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North Korea opens exhibition to mark 70th anniversary of end of Korean War


Kim Jong Un depicted riding a horse atop Mount Paektu, the tallest peak in North Korea. — KCNA
Kim Jong Un depicted riding a horse atop Mount Paektu, the tallest peak in North Korea. — KCNA

A North Korean art exhibition on Friday unveiled the first paintings of Kim Jong Un, promoting his “cult of personality,” with each piece depicting outlandish or romantic visions of supreme leaders engaged in activities, such as glad-handing farmers and riding a horse on Mount Paektu.

The paintings, part of an exhibit celebrating the 70th anniversary of the “victory in the Fatherland Liberation War,” — the name used in North Korea to remember the signing of the Korean Armistice Agreement that marked the end of the Korean War in 1953 — were displayed alongside paintings of Kim’s predecessors, Kim Il Sung and Kim Jong Il.

The official opening ceremony for the exhibit was attended by Choe Chang Hak, vice department director of the Central Committee of the Workers’ Party of Korea and Choe Hui Thae, chairman of the Pyongyang Municipal People’s Committee along with officials of ministries, national institutions and creators in the field of fine art.

The exhibition attracted hundreds of locals, with Kim Jong Un’s painting prominently displayed, suggesting a possible shift in propaganda policy.

Kim Jong Un depicted meeting farmers and field workers in his country. — KCNA
Kim Jong Un depicted meeting farmers and field workers in his country. — KCNA

The Democratic People’s Republic of Korea (DPKR) founder Kim Il Sung and Kim Jong Il were previously displayed before Kim Jong Un, whose photographs hung third in the order, NK News reported.

The paintings show “one victory after another in the confrontation with imperialism and the US that have lasted for centuries,” according to the state-owned Korean Central News Agency (KCNA).

North Korea was formed after World War II and Japan’s surrender in 1910.

The Soviet Union occupied the area north of the 38th parallel, which was the demarcation between North and South Korea forming the demilitarised zone (DMZ) in 1953.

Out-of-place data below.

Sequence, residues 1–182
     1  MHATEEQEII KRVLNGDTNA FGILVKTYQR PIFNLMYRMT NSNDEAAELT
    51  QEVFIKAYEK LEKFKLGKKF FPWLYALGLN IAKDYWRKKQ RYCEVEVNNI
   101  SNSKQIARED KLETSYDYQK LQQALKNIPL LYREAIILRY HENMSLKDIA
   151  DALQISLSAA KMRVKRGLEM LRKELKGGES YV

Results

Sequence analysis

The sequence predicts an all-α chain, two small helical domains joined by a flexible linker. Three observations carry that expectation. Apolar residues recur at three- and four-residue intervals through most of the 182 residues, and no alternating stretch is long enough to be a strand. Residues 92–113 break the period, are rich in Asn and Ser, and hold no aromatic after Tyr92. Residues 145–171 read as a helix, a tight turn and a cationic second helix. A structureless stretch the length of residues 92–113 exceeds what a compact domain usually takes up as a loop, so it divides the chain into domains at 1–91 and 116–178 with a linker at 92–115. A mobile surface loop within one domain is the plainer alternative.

KCNA Watch reports that the artwork would remind visitors of Kim Jong Il’s revolutionary history and the tradition of war victory, alongside paintings of Kim Jong Un.

Additionally, the paintings depict the daily transformation of Korea under the Central Committee of the Great Workers’ Party of Korea, presenting a narrative of positive change amid a severe crisis such as starvation and the coronavirus pandemic.

As people began to prefer death over slow-starvation and suffering, Kim Jong Un declared suicide an “act of treason against socialism.”

The Times UK revealed that the identities of the artists who created Kim Jong Un’s paintings remain unknown while referring to Kim’s personal court as “opaque” and difficult to read.

Prior to the exhibit, artists in the country were prohibited from painting Kim, but restrictions were lifted, and he recently commissions three mosaic murals for public display.

Kim Jong Un’s attempt to display public works mirrors his father and grandfather’s early reigns, with portraits and statues being made public in the early years of their reign.

While no statues of Kim Jong Un have been observed yet, additional paintings include depictions of recent missile tests and military parades.


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